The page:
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The Long Beach City Council unanimously voted in favor for the Long Beach Police Department to partake in a year-long pilot test of body cameras on Jan. 5,
Approximately 50 officers, who were chosen at random, patrolling the city’s western neighborhoods, will begin wearing body cameras in early spring of this year along with thousands of other officers around the country.
According to Commander Paul LeBaron the main objectives of this program are officer and citizen accountability, reducing injuries and reducing officer uses of force.
The year-long pilot program is estimated to cost no more than $210, 100 for the body worn camera equipment, software support, officer training and cloud storage according to the proposal. The program also offers the option to renew for two more one-year periods at the discretion of the city manager.
The contracted pilot program by Texas-based Dell Marketing will provide around 50 officers with the necessary equipment for the program. The original proposal, which was pulled from the November agenda, called for 100 cameras but was reduced.
The number of cameras was reduced because after consulting with academics, the police department was informed that half the number of cameras would give them just as accurate results.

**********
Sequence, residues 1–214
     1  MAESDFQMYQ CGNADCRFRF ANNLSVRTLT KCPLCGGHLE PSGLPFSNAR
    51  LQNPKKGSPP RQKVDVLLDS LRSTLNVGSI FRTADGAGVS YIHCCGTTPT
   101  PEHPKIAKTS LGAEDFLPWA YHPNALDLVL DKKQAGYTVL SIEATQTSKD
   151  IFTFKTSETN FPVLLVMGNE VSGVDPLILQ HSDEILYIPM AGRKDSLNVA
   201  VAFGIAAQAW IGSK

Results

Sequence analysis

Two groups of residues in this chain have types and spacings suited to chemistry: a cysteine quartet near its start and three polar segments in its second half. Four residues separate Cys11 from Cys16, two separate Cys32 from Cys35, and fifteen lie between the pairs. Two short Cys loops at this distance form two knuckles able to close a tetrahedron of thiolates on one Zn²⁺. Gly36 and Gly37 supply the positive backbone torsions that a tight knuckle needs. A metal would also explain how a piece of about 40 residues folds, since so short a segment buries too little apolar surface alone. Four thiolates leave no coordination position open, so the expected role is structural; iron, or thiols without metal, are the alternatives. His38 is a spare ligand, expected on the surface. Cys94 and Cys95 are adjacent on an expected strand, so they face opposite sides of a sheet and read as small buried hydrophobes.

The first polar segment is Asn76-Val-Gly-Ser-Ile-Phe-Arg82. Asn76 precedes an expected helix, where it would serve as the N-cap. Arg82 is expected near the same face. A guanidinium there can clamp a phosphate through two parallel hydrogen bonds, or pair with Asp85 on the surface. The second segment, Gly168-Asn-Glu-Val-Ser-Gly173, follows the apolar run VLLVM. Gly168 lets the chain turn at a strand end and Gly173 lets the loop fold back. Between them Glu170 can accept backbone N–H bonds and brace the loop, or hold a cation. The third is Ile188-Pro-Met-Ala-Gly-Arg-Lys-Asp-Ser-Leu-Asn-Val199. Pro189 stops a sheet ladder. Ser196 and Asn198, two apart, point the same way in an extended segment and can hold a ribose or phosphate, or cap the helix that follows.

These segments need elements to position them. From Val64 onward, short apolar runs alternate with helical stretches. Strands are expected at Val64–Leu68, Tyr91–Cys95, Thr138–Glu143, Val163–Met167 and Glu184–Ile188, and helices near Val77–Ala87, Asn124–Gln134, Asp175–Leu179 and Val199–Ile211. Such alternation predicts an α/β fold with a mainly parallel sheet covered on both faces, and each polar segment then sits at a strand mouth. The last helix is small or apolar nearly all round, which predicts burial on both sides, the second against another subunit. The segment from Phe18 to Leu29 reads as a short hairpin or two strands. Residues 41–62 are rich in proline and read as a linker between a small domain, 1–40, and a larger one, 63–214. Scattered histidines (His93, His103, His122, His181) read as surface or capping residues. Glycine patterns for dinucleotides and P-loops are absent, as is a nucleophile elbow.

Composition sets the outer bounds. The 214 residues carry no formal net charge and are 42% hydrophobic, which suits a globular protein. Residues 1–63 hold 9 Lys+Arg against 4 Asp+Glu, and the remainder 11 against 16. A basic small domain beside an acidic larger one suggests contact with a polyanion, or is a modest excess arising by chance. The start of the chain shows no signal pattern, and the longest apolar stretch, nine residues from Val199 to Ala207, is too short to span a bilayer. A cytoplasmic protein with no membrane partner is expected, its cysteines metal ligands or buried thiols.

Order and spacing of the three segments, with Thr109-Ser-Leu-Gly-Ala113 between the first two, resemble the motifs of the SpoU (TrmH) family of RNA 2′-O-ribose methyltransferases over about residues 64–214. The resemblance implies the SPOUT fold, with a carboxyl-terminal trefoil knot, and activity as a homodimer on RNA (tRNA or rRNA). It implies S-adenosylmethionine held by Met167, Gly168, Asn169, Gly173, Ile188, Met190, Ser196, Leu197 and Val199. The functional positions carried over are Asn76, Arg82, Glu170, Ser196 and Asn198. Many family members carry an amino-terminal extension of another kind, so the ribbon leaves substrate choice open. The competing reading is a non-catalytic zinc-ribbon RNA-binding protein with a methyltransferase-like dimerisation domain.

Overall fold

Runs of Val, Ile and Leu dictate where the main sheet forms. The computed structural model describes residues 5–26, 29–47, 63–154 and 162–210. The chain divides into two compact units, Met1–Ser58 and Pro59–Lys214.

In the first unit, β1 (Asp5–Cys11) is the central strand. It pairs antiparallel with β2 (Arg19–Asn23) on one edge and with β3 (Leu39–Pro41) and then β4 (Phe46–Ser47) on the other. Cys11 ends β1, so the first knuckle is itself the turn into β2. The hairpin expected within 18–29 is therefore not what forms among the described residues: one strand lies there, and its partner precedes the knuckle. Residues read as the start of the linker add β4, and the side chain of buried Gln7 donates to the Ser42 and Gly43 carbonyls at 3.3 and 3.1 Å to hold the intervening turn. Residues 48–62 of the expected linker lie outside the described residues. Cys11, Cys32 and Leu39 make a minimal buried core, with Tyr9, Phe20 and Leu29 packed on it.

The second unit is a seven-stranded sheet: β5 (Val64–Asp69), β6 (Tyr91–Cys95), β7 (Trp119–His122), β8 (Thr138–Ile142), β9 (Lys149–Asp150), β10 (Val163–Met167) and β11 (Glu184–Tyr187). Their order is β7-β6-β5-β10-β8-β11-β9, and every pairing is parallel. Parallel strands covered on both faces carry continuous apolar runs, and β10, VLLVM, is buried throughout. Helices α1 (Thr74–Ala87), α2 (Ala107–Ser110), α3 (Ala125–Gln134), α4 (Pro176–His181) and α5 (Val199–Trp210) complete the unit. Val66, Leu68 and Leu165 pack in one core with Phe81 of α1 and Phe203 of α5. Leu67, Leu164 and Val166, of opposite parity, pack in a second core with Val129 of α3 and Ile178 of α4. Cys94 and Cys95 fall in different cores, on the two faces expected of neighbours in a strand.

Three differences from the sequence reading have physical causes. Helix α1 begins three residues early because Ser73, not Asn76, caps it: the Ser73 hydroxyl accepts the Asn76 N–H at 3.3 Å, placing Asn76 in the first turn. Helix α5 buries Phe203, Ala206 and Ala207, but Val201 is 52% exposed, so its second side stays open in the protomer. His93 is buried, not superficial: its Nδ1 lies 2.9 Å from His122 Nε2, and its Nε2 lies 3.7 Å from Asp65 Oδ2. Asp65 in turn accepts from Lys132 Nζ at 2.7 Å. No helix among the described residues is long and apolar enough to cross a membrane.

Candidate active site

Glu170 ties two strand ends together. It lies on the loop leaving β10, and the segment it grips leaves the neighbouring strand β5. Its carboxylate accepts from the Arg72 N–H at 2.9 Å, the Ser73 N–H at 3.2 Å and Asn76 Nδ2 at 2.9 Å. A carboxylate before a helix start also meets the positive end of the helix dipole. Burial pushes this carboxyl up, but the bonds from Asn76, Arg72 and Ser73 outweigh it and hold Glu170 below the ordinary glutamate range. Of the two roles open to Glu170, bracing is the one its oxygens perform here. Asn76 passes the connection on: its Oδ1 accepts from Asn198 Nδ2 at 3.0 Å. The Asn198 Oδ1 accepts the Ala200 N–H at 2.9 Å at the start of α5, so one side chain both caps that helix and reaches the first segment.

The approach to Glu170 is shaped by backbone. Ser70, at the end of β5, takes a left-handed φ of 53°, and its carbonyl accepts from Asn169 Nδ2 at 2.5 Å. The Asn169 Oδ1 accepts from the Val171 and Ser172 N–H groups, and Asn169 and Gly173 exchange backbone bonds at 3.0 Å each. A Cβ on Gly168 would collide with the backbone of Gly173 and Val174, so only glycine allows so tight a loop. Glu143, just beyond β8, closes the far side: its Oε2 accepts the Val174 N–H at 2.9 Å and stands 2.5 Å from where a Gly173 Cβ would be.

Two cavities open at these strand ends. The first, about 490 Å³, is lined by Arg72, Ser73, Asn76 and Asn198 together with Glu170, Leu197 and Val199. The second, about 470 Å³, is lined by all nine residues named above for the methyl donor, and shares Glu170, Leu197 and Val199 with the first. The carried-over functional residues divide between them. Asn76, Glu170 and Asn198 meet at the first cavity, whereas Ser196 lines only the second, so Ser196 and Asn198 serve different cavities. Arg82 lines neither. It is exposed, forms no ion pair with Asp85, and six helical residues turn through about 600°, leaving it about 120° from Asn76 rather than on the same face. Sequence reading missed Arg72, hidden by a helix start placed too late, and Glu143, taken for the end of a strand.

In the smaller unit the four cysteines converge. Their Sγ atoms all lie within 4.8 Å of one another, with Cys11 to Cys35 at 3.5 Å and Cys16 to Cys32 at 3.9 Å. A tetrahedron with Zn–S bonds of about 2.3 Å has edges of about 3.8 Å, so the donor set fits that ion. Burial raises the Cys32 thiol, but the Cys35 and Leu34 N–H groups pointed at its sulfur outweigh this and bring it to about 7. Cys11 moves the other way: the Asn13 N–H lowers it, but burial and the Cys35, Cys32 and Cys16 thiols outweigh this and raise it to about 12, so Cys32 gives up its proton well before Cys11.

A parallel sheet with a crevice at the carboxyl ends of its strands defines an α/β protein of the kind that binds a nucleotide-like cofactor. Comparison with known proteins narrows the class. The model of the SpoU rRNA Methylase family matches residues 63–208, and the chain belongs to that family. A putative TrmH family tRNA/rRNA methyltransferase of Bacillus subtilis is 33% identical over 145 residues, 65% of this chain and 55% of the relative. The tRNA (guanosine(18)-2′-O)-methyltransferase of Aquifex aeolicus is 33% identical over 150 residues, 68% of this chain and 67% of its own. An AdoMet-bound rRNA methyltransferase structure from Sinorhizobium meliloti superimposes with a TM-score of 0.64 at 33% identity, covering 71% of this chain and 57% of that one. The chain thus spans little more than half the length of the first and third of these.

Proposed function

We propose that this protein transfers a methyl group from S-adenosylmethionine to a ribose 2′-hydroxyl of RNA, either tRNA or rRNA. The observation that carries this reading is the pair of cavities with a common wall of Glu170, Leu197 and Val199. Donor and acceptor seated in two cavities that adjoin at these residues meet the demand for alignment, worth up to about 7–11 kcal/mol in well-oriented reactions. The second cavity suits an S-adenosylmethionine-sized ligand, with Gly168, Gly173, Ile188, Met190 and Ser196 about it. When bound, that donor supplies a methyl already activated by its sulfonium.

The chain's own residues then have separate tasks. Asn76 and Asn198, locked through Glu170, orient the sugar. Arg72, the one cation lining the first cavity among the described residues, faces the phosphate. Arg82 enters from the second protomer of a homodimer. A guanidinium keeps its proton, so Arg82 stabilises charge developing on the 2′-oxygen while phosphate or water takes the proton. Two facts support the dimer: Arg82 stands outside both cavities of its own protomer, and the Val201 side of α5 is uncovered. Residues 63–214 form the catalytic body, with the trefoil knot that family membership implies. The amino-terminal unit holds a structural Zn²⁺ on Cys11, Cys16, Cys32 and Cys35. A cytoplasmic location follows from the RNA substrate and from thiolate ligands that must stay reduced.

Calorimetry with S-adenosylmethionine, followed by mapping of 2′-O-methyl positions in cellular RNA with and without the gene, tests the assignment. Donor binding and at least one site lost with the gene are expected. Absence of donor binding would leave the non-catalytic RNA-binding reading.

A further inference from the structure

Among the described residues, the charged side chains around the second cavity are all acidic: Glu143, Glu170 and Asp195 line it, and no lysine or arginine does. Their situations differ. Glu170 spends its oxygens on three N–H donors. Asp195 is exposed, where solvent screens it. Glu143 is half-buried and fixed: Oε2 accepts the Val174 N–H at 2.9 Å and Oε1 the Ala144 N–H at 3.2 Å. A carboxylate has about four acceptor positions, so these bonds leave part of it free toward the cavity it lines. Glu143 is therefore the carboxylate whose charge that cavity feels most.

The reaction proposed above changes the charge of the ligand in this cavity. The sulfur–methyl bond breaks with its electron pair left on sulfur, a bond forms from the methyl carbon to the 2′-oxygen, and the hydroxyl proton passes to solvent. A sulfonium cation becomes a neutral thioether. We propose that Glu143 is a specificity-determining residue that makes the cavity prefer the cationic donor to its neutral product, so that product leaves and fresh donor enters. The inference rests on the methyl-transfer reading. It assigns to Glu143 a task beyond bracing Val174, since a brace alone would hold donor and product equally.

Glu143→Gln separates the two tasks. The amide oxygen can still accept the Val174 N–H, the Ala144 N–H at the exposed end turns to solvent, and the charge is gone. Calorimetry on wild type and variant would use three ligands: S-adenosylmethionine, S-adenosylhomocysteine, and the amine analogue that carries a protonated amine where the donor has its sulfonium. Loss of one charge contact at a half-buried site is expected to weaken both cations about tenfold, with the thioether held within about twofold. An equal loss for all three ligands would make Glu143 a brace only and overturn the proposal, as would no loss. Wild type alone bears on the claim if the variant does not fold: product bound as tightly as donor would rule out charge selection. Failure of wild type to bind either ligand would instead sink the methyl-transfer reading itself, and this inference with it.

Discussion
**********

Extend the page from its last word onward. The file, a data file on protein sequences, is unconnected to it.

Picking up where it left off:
“We are trying to be fiscally responsible,” said Commander LeBaron. “So there is no reason to go out and buy twice as many (cameras) than what we need when we can get the same result with less.”
The footage captured on the body cameras will be accessible to the officers involved to help them file accurate reports and make sure they can testify in court. The public will have access to footage that does not have anything to do with criminal complaints or allegations of misconduct, which would lead to a personnel investigation.
“If there is anything else out there that the people would like to see, they do have access to it,” said Commander LeBaron. “We are going to refer them to the public record request act protocol and we would provide it to them.”
In lieu of the recent police-involved shootings and brutality controversy, various police departments have adapted to police-worn body cameras in hopes that it will not only provide accountability but also reduce injuries when it comes to both officers and citizens.
See more at: http://www.longbeachcomber.com/story.aspx?artID=5400&arc=1